I did some research in the BCHL a couple of years ago and over a period of six years, only 2% of all games ended in a tie game. I have attended games ending in a tie and with this format of OT, everyone was happy, including the fans. The OT is spectacular and extremely entertaining and that, even if you had the most boring first 60 minutes. Assuming the same ratio, this would mean 25 games in the NHL would result in a tie on an 82-game season.

Last but not least, lose the loser point. Winning team gets two (2) points, whether it’s in regulation or overtime. The losing team gets nothing, they have lost game! No room for consolation prize here, it’s professional sports. Now if teams are still tied after the second OT, the game ends in a tie and each team gets one (1) well deserved point.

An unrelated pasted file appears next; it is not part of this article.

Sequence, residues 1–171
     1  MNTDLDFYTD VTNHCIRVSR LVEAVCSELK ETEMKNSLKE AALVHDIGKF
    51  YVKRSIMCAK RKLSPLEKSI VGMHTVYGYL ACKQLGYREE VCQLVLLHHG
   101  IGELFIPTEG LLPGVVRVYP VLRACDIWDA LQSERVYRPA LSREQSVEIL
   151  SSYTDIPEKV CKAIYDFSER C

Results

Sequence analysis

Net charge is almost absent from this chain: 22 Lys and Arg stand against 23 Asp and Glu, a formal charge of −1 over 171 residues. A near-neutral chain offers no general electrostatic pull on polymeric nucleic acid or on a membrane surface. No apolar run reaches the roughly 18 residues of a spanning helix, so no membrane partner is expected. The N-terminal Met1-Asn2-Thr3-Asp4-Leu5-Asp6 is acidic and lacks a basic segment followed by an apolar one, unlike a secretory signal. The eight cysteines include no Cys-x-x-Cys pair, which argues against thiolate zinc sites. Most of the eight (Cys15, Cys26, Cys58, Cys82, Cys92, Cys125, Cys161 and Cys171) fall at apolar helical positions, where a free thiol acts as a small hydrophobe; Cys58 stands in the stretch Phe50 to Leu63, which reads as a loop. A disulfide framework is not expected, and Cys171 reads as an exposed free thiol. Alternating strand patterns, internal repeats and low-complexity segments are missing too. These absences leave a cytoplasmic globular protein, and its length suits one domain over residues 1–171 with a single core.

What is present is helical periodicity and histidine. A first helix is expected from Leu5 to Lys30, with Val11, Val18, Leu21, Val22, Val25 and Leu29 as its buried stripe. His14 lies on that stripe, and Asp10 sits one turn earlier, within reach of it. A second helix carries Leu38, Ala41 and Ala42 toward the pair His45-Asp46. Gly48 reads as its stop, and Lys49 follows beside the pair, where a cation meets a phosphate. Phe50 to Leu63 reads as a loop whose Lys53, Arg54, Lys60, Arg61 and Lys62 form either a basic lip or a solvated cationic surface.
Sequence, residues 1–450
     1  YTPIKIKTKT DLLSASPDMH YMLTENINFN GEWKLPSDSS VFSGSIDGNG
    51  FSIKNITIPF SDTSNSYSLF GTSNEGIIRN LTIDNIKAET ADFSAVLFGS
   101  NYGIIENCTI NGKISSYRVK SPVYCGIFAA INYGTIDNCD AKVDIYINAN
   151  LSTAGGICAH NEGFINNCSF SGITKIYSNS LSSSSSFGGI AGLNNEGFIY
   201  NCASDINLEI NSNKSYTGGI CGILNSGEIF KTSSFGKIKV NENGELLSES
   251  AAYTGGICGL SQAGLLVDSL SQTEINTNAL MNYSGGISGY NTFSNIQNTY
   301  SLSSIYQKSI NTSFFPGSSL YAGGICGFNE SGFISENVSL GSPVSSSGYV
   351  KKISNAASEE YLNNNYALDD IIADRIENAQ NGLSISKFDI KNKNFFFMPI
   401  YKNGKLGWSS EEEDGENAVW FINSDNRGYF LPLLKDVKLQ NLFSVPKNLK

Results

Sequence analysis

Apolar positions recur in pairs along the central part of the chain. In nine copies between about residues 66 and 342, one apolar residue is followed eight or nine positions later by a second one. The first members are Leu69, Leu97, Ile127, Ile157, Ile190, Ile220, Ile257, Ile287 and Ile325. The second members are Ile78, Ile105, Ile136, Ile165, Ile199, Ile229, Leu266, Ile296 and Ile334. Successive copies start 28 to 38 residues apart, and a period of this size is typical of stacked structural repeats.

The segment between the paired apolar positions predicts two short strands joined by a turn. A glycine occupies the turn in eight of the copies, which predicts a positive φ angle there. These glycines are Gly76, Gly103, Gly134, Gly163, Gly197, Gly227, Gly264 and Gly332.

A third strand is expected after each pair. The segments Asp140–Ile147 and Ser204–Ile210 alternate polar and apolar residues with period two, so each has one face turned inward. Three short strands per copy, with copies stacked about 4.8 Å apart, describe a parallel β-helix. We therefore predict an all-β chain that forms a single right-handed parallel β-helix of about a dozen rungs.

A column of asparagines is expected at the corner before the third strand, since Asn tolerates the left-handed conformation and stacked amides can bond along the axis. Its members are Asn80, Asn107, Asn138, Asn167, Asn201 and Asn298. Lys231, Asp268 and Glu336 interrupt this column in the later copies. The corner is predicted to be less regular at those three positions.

The league has made some good choices, but some pretty bad ones too in recent years when it comes to the tradition of hockey, with the Instigator rule change being the biggest mistake. It’s time to give the game back to the fans, give them what THEY want. Afterall, we know that Gary Bettman will lockout the players again soon, as he’s done every time.